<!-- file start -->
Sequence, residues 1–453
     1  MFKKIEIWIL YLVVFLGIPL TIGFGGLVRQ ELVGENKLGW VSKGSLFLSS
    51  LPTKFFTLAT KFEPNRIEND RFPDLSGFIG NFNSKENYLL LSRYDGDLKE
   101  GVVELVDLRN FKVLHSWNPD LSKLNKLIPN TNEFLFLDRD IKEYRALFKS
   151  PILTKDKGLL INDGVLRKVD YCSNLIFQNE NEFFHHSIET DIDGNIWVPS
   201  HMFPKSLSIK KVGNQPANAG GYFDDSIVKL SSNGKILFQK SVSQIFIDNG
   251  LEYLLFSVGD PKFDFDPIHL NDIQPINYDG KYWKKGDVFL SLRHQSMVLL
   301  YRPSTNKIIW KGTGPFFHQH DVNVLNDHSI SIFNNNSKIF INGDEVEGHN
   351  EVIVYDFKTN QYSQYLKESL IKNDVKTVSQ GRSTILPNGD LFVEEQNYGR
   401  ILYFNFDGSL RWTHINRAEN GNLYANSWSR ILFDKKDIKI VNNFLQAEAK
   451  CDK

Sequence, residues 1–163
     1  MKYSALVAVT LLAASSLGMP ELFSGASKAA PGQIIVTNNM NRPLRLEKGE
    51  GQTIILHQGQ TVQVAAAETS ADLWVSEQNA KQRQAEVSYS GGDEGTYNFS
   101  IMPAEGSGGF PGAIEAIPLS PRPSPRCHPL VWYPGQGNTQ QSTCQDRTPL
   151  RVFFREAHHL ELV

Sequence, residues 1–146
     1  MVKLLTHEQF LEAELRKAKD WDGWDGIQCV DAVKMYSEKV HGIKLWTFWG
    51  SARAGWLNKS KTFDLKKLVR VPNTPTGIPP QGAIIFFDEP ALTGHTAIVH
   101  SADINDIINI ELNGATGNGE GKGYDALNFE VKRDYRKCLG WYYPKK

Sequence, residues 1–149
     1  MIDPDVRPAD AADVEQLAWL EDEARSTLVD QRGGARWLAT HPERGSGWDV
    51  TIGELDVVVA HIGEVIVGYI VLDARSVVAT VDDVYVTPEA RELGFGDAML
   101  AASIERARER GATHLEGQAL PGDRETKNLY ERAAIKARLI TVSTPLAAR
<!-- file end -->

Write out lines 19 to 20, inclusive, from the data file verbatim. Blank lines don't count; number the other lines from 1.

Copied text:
    51  SARAGWLNKS KTFDLKKLVR VPNTPTGIPP QGAIIFFDEP ALTGHTAIVH
   101  SADINDIINI ELNGATGNGE GKGYDALNFE VKRDYRKCLG WYYPKK